Genuine Kodak HIE, from when it existed.

Perhaps the best way then is not to apply film effects in-camera, but later? Or at least save a raw file with no effects applied. If your camera lets you save both, you can have the raw file to work on and a jpeg to get an idea of what the final effect will look like. This might be useful if I was taking portraits in black and white. It’s difficult to visualise how colour translates, so saving jpegs in mono gives you something to show the subject.

If I choose to use a certain type of film or to process it in a certain way, I can’t go back and change my mind. If I shoot well-exposed raw files, I can do anything I want with them later. Is this a lack of commitment or is it pragmatism? Actually, it’s something I should do more often. I keep taking my old clunker cameras out for walks loaded with mono film. I should try using one of the digital jobs the same way, but having more options to change the results later. I’ve been having a go with the one camera, one lens, one month thing. Perhaps I should treat one of the digital cameras the same way? I’ve only got one that can swap lenses, so it looks like it’s going to be on the list. The emphasis will be different though. Rather than getting to know an old camera better, this will be more about seeing how much flexibility I can get out of a Turing machine.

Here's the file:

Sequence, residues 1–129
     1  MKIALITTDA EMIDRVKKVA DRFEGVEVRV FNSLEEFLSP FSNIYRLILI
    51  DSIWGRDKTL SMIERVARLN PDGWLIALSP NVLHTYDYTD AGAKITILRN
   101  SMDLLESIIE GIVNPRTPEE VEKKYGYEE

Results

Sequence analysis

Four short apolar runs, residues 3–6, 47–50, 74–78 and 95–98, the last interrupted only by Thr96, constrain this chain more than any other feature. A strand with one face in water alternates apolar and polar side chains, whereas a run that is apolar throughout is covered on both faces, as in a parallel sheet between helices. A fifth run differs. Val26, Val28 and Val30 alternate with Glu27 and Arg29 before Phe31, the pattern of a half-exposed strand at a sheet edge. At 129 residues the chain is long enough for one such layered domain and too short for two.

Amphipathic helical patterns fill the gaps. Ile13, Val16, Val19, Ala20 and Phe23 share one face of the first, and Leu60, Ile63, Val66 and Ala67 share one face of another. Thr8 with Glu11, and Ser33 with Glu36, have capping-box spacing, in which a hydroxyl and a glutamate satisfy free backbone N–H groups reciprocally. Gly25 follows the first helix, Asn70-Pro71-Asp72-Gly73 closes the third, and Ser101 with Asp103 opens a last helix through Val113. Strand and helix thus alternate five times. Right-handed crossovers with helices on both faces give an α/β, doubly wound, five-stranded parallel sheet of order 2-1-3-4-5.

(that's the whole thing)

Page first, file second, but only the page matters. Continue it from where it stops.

Having thought about it, I’ve settled on using my Canon G9 compact. It can save raw files so I can play with the settings but still have the original to work on later. I’ve set it up to shoot back and white. It has two saved custom modes, so I have set them both to black and white but one of them to underexpose by one stop. I will use this when I push the ISO to 800 to see if I can use it for gritty pictures with deep shadows.

That’s the game then: G9 pretending to be a range of mono film types, with the option to later apply filters or effects.

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Update.

I’m quite enjoying this. It scratches my mono film itch and lets me change my mind later.

I might have succumbed to the dark side.

Rosebud